I’m back in the loop again, it seems. My daughter is much better from being so sick for a few weeks, and my computer is back functional after taking a “break” of its own without permission from me. Now on to my post.
I feel rich lately. Not with money or possessions, but with family heritage and culture. At the end of summer through early fall, I just really look forward to making wild fruit jelly and syrup. In the spring, we always had plenty of dewberry vines where I grew up. Mama, my brother, Joey, and I picked enough for dewberry pies, and for jelly making, too. Later in the year we knew where to look for muscadine vines climbing a tree in the edge of the woods. They have a distinct sweet musky flavor to me. We used those for jelly, and Mama used some of them to make a dessert called Muscadine Roll. It’s much like a fruit pastry, and it’s still one of my very favorite treats. I made some jelly with them one year that didn’t set like it should for jelly, and was more like a thick syrup. When I poured some on my pancakes, I decided that I really love Muscadine Syrup, so I have been making some whenever I have enough to do so.
I remember when Daddy first showed my brother and I a Possum Grape vine. We had never even heard of it, so we were intrigued with the idea of possums hanging upside down eating those small clusters of wild grapes. I don’t know if they really do. I’m pretty sure Daddy said he didn’t know either, but that is what those are called. They grow in small loose clusters, and have a sweet taste much like domestic purple grapes. Since grape is my daughter’s favorite jelly flavor, Possum Grape is her favorite native grape jelly flavor.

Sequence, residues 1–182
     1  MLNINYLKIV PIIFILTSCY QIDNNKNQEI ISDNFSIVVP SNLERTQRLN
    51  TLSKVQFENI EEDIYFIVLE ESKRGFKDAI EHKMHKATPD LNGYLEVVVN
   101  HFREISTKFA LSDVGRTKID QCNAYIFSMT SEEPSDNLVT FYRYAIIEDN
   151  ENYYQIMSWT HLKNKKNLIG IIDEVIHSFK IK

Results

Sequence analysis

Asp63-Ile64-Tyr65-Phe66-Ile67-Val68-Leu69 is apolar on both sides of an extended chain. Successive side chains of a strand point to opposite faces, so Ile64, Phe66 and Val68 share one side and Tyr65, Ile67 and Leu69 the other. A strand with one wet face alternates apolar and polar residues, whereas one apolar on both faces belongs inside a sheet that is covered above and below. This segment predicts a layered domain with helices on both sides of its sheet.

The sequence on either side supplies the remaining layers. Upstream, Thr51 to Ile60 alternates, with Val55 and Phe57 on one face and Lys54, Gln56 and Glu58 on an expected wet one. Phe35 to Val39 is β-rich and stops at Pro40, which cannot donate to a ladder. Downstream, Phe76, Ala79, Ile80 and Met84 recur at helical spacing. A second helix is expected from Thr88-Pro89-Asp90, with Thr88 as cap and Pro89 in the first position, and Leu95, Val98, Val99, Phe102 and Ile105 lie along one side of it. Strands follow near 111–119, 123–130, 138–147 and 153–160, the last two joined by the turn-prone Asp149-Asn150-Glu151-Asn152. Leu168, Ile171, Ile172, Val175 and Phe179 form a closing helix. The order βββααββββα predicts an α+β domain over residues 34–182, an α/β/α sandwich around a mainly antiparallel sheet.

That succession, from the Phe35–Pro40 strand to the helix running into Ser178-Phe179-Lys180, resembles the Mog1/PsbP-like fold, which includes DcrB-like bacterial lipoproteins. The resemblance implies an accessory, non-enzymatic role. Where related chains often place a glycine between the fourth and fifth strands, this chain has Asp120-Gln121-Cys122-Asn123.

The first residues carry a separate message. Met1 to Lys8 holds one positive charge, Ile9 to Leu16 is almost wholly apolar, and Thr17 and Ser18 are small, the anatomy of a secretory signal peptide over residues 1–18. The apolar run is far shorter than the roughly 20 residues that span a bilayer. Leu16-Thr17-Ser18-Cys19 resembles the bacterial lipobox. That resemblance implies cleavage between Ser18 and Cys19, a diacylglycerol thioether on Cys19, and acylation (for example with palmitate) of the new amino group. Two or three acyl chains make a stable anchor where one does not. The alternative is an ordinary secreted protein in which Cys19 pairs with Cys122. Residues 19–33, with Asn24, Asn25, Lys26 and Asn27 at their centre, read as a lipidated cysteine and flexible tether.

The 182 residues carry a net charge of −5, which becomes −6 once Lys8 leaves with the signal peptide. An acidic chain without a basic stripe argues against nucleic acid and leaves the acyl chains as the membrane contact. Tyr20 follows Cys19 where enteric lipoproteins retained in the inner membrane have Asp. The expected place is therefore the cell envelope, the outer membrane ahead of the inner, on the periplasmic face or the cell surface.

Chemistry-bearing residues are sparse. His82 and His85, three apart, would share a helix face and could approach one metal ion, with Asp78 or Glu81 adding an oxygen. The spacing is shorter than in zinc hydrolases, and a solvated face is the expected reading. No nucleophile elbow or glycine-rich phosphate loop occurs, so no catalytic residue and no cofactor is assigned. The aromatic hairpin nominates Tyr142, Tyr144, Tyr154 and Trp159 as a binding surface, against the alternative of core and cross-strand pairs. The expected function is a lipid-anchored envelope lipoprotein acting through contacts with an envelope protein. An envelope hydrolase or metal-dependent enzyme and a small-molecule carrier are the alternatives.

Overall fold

At some point someone gave us a Scuppernong vine, which is like a golden green color, and originates from Japan. They taste a lot like Muscadines. They are a little more tart to me but are used in the same way. I have a delicious recipe for Scupernong Bread that I got from a lady in our community. It’s really great with coffee or tea.
We have a Mulberry tree, but they have more seeds than juice, so I’ll let the birds have those for the most part. After I was married, we discovered we have Huckleberry Bushes behind our house. I had heard of them, but never had seen them. They have a good flavor, but are so small, I haven’t tried to do anything with them. We also have a wild cherry tree at the end of our yard. They are also edible, but are very small. We have enjoyed watching raccoons, deer, and squirrels enjoy the cherries, so I think we’ll let them have that tree to themselves.
My husband and I have taught our children about the wild edibles that we know of, along with our families’ cultures. I feel like we’ve passed down a rich legacy to them, that I hope they can in turn pass on to their children on day. It sounds really simple to be called a legacy, but that’s what it is to me. Besides all the good eats, we have all the great memories to mull over from time to time. Those memories are a great reminder to me that sometimes the greatest legacies are about the simplest things in life which are very important foundations.
Have a very blessed week and upcoming weekend.